After boarding a plane for India on February 20th of this year, I’ve been on such a ride. A ride that above all, has been about moving towards a more fearless way of being. A ride that has made me bolder. A ride that has taught me trust. A ride that has been as much about creating a future as it has been about letting go of the past.
I went through my photos of this journey thus far and tried to pull one image from each album. The collage above is what resulted. The reason I decided to do this now is because almost 5 months to the day, I’m getting on a plane again and leaving Nepal for a short bit and headed to Norway. From a developing landscape filled with spiritual devotion, chaos, pollution, and crumbling infrastructure to what I can only imagine is quite the opposite. From the sound of it at least, Norway seems to be a social democratic land of incredible order, cleanliness, natural preserved beauty, and wealth.
The only reason I’m going to Norway now is because I made a last minute decision to attend a dharma teaching in the village of Bir in the Himachal Pradesh region of northern India. Unexpected and welcome ripple effects I could have never predicted like that have been occurring a lot on this ride. Before I left on this journey, I told a dear friend of mine that I had “…yet to learn how to jump into the current and fully give myself over to it.” I wanted to stop clinging to the rocks at the bottom of the riverbed of my life and I wanted to take my swollen, tired hands and just release them into the current—into the direction of a call that obviously knew something that my rational mind could not fully comprehend. That current was my heart and it’s intuitive knowledge. Those rocks were all my recycled beliefs telling me that if I just kept holding on, that I would be okay—unfulfilled and unrealized—but okay.
I have since learned that there is a lot to be said for finally giving myself over to the current. Far from being a chaotic mess it has been a surprising, gracious, refining, stimulating ride. I heard in a teaching once that leaving our comfort zone or facing any phenomena that causes an initial sense of discomfort is like rubbing sandpaper against our spiritual body. It wears down the gritty, uneven, aspects of our being into a consistent, polished, illuminating surface. It shows us how strong we actually are. It shows us how compassionate and wise we actually are. It shows us how penetrating our sense of clarity and equanimity really is.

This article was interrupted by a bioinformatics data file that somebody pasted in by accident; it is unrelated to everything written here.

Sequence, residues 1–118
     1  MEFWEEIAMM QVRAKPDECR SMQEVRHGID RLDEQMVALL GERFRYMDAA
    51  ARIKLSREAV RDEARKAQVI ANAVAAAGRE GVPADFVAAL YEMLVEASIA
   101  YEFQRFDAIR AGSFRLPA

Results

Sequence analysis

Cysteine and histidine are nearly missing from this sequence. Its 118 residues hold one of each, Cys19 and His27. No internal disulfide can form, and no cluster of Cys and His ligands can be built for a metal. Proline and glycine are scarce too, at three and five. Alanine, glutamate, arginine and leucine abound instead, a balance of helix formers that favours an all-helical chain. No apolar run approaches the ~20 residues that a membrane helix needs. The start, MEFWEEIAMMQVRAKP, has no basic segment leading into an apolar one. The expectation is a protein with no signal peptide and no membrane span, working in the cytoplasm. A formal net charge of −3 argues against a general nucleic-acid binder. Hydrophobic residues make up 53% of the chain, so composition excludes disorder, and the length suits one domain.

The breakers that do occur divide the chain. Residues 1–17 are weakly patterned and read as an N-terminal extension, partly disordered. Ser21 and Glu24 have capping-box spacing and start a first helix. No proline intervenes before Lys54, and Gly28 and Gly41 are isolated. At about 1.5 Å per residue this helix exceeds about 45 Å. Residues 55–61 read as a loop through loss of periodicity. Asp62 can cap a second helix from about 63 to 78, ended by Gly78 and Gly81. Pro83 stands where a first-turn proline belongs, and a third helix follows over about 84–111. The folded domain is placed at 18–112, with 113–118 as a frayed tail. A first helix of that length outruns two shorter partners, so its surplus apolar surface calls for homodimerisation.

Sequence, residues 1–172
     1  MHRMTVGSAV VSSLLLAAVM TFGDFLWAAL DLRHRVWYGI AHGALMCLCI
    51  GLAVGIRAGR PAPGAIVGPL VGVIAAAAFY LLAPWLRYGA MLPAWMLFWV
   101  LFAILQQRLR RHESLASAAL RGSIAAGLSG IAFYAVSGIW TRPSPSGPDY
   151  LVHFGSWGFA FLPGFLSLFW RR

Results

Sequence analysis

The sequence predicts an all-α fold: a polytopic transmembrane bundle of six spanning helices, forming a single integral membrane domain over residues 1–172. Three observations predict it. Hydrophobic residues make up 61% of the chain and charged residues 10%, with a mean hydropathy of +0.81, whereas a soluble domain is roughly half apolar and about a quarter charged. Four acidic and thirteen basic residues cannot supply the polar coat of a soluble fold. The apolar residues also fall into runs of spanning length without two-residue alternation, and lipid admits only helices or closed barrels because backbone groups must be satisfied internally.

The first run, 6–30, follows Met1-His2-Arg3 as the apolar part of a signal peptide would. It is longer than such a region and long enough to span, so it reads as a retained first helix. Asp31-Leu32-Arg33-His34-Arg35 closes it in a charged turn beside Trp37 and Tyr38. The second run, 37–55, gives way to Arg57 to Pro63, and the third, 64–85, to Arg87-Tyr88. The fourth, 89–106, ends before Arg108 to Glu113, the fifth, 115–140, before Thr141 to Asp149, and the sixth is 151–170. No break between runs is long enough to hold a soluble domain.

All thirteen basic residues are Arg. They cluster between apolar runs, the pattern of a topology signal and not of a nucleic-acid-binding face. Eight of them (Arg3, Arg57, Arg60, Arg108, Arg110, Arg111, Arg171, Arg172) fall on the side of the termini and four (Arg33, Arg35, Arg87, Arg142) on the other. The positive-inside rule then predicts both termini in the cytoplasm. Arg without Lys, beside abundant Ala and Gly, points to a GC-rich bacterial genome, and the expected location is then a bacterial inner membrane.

The point of spiritual training is not to turn us into hyper-fragile, high-maintenance yogis. But rather, just the opposite—spiritual training creates incredibly durable beings. Spiritual training increases intimacy with our condition and thereby increases intimacy with the human condition. It cultivates insight, flexibility, endurance, one-pointed focus, and discipline. It allows us to fully embody both, solitude and societal engagement with a brilliant fluency. We will more readily celebrate kindred connections on a similar path while reveling in the diversity of this wild, beautiful, and sometimes terrifying consciousness that creates what we perceive as life.
Spiritual training will decrease and eventually eliminate an “us and them” attitude and the self-righteous, reductionistic, dehumanizing effects that fear-based, isolating perspective brings. On the contrary, spiritual training will show us essentially, vasudhiava kutumbukum—that the whole world is but one family—because we are all interdependent, interconnected, and at our “base”, made of the same intelligent energy that guides this entire universe. And perhaps, if we go far enough, experience that there is no objective reality at all. That this thing we call “our life” is the subjective play of our own consciousness. Karmic seeds ripening and settling and ripening yet again playing out in front of us in this samsaric current of a movie. How well we surrender to the current, perhaps determines how much better the movie gets.
This is what I’m exploring now.